Understanding Innovation Adoption: Effects Of Orientation, Pressure And Control On Adoption Intentions
We develop and test a theoretically-based integrative framework of key proximal factors (orientation, pressure, and control) that helps to explain the effects of more general factors (the organisation's strategy, structure, and environment) on intentions to adopt an innovation one year later. Senior managers from 134 organizations were surveyed and confirmatory factor analyses showed that these hypothesized core factors provided a good fit to the data, indicating that our framework can provide a theoretical base to the previous, largely atheoretical, literature. Moreover, in a subgroup of 63 organizations, control mediated the effects of organizational strategy and centralisation on organizational innovation adoption intentions one year later. We suggest this model of core factors enables researchers to understand why certain variables are important to organisational innovation adoption and promotes identification of fertile research areas around orientation, pressure and control, and it enables managers to focus on the most proximal triggers for increasing innovation adoption.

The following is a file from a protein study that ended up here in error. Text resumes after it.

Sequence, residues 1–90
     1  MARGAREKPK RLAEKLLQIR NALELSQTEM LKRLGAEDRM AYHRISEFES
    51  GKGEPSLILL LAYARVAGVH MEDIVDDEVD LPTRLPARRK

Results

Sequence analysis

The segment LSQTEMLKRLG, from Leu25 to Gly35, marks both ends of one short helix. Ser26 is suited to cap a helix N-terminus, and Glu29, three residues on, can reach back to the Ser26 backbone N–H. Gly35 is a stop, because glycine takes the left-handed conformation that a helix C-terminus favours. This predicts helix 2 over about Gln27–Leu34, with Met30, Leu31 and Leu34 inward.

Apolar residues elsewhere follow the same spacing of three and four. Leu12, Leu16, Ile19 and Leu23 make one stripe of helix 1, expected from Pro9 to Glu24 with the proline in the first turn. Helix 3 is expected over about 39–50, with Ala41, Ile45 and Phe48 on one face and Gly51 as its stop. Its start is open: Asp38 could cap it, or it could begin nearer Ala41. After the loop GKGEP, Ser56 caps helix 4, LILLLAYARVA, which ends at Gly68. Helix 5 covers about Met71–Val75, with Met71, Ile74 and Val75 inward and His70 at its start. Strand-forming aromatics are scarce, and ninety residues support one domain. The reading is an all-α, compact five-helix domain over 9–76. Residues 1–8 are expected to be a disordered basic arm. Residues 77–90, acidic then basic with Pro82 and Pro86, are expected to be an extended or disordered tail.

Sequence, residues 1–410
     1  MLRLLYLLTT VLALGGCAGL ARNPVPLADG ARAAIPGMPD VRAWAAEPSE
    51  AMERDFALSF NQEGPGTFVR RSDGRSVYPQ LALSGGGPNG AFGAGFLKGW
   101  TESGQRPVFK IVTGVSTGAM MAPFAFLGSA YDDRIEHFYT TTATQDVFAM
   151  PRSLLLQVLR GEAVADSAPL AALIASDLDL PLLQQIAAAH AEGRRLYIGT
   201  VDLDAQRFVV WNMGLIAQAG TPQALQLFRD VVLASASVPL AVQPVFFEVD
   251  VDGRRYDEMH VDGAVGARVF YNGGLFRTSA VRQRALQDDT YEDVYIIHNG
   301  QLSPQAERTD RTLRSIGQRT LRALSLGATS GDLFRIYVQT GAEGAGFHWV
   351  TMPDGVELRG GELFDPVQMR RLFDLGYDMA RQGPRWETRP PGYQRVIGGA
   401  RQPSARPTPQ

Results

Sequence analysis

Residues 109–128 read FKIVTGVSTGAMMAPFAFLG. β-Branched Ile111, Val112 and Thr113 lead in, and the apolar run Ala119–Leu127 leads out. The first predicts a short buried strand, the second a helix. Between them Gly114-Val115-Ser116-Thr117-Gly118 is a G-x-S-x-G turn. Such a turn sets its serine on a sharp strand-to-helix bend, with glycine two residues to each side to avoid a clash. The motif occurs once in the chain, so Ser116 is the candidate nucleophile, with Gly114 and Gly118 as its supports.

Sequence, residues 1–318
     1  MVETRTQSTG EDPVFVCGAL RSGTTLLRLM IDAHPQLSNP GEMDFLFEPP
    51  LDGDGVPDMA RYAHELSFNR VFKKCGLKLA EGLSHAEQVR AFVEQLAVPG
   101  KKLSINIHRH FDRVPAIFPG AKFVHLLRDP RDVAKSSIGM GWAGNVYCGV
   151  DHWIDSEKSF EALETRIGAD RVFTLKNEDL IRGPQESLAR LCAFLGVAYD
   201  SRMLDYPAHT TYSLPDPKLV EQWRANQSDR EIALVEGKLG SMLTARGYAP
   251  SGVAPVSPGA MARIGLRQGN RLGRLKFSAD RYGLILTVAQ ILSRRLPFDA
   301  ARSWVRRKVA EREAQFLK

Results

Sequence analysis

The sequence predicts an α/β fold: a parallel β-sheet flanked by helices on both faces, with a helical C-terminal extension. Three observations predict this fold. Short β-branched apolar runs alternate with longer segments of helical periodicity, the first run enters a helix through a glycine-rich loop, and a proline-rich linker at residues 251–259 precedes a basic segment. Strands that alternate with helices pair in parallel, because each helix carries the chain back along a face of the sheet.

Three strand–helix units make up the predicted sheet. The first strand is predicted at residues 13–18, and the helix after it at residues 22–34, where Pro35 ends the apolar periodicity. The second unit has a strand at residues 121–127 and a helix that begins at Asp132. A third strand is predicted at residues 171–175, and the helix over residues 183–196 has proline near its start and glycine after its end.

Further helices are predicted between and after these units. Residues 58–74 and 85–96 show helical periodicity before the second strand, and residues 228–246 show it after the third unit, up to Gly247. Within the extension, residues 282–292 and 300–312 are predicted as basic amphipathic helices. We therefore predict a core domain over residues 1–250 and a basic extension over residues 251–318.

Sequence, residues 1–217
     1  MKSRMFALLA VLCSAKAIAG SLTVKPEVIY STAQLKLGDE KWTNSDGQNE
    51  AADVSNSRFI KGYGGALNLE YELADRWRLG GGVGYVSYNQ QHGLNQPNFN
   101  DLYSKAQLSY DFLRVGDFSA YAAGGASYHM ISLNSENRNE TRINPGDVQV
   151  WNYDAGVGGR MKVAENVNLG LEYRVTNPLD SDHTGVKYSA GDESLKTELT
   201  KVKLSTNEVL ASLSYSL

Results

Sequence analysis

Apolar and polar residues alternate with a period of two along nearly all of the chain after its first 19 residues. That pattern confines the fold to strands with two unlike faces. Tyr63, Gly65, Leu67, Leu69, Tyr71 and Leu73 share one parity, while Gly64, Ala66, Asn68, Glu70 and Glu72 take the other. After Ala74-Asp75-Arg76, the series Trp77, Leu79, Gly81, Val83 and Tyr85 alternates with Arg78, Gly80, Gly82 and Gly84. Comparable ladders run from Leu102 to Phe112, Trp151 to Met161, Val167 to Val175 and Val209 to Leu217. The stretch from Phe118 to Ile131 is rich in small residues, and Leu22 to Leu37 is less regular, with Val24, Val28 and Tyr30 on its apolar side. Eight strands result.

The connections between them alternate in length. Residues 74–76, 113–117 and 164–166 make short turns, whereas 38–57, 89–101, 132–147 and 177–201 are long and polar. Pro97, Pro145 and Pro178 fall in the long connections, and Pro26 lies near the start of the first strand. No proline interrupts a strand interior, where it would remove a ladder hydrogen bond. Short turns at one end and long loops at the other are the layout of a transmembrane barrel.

Volume (Year): 16 (2012)
Issue (Month): 01 ()
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